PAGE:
Acast, she said, already shares numbers about shows it hosts in basically the way public radio has described with this report. “We just want to be on the right side of the standards, and I believe this is the right side of the standards,” she said.
Mr. Diehn said he believed public radio’s position should help nudge the conversation inside the IAB along. “As with any professional body, there’s always a great deal of inertia,” he said.
If he were to quibble with any part of public radio’s position here, he said he might ratchet down the time window used in these guidelines. If two requests come from what looks like it could be one device within a day, these standards call that one download. It might be reasonable to shrink the number of hours, he argues, since multiple people on, for example, one shared private network might download the same show in a day’s time. Still, “All in all, it’s a common sense set of measurements,” Mr. Diehn said.
Looking toward that ongoing IAB conversation, Mr. Diehn said, “It’s really the hosting platforms and infrastructure providers that have to get on board with this.”
One of those hosts, Rob Walch, a vice president at Libsyn, sees the public radio guidelines differently. “I think the way they went about this was heavy handed and arrogant at best,” Mr. Walch said in a phone call with the Observer. He objected especially to the document opening with the “wild west” language, when, he argues, companies in the podcasting industry, such as his, Blubrry and Podtrac, have been discussing this question for some time. “The reality is that podcasting has been around for 11 years, and there are companies that understand podcasting methods better than NPR,” he added.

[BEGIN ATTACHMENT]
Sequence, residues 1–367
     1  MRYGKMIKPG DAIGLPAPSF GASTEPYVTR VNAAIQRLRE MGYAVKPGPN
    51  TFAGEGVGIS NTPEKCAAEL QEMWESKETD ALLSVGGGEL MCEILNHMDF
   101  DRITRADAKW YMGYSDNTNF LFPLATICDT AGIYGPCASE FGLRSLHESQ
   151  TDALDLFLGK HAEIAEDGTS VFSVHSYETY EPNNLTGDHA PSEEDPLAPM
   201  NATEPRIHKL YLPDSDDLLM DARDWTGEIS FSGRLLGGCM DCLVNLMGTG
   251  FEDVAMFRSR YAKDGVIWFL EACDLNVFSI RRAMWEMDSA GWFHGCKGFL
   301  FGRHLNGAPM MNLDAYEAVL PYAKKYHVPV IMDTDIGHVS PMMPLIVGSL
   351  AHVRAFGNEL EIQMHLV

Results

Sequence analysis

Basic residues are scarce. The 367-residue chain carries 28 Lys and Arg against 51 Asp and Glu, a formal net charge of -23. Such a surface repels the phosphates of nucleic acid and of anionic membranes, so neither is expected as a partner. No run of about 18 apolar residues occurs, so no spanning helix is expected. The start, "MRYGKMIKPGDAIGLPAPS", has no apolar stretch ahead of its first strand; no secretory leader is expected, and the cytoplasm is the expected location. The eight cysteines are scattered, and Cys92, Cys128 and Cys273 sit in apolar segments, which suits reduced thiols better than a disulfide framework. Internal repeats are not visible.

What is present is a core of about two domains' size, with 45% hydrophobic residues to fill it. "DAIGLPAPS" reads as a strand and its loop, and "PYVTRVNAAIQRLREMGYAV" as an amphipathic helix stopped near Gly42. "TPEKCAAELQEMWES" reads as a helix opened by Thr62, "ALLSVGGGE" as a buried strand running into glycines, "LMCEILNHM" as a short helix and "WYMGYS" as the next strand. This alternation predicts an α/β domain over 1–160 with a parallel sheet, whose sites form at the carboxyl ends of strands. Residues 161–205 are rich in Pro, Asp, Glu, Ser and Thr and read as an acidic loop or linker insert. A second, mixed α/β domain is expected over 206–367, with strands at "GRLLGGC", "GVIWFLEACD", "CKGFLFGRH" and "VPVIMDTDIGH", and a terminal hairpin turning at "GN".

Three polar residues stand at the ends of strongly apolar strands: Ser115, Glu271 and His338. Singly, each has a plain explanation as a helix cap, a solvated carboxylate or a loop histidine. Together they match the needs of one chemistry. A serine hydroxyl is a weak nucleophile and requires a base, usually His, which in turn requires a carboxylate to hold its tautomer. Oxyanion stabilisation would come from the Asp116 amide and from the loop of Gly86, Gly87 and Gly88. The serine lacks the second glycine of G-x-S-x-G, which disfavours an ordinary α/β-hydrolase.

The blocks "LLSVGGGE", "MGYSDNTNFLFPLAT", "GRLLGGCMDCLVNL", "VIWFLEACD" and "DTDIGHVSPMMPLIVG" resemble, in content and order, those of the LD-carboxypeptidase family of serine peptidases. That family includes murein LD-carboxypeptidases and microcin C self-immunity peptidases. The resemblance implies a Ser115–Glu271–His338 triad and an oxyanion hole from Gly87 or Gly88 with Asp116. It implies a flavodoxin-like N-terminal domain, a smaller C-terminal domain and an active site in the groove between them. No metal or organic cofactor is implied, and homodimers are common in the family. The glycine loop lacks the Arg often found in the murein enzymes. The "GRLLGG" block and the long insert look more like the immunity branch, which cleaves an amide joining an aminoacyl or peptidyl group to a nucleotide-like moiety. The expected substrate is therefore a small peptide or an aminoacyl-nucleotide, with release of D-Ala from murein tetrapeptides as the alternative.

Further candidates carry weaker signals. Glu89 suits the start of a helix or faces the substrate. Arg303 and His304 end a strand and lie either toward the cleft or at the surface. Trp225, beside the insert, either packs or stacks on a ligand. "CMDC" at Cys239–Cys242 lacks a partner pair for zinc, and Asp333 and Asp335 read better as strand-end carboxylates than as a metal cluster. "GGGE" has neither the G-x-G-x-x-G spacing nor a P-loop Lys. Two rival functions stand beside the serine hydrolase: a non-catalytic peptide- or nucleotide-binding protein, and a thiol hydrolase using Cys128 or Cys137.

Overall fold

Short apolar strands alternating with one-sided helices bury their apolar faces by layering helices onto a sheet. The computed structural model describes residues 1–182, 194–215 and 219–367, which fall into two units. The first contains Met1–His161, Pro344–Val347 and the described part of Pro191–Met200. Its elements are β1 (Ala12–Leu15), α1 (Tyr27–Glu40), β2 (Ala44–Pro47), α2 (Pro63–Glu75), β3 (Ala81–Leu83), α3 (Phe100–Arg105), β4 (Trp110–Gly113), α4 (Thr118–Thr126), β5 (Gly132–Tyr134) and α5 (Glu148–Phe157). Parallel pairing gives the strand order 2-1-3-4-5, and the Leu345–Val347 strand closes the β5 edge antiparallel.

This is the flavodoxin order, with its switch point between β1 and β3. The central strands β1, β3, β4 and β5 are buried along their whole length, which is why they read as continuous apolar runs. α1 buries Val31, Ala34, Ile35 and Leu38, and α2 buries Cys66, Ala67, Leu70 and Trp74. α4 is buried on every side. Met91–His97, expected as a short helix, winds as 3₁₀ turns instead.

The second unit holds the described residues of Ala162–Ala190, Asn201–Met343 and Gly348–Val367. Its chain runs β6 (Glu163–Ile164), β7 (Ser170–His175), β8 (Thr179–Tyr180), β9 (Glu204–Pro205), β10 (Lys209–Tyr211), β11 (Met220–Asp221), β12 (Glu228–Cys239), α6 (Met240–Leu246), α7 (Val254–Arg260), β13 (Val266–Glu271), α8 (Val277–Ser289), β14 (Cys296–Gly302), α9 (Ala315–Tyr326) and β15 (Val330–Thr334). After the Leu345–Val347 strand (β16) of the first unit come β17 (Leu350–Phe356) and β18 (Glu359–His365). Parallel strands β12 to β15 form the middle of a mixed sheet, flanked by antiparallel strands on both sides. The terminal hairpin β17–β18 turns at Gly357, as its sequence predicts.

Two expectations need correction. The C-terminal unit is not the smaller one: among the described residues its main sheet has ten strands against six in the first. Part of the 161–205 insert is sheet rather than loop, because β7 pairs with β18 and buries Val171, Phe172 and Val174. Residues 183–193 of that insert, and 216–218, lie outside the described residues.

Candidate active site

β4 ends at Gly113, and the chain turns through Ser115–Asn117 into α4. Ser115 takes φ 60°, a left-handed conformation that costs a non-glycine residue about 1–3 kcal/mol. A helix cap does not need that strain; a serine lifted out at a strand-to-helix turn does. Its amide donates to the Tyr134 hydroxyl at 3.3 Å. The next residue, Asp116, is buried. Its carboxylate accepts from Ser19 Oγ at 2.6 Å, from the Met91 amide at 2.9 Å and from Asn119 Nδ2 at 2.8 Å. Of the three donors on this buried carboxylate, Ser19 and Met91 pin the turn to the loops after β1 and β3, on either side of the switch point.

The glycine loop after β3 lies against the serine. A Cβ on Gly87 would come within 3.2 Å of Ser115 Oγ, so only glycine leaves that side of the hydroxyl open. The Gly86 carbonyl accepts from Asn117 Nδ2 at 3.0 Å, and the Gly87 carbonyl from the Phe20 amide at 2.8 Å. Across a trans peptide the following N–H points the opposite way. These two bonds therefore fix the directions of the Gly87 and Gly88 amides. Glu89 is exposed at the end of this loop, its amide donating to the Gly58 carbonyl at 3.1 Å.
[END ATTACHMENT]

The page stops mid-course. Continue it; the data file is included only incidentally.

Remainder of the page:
A now defunct organization, the Association of Downloadable Media, in which Libsyn took part, articulated shared guidelines around reporting to advertisers in 2008, which is still viewable on the Internet Archive.
Ms. van Mosel is optimistic that as standards get articulated, podcasters can press delivery mechanisms such as iTunes to create ways to send data about listens back to podcasters. All podcasters really know now is that shows get downloaded, but not if anyone hears them. Mr. Walch, however, does not foresee Apple ever returning that kind of information. He added that iTunes is hands down the largest delivery vehicle for podcasts, especially the ones that command the most advertising revenue. Apple did not reply to a request for comment.
That said, it’s worth noting that John Lee Dumas, of Entrepreneur on Fire, recently told the Observer that he sees iTunes share of the market shrinking, year over year, at least among his listeners.
Each of the companies the Observer spoke to agreed that the key next step is for the IAB’s technical working group to articulate a consensus among members. “Ultimately I think it’s the IAB that needs to set the guidelines,” Mr. Walch said.
NPR was not immediately available for comment.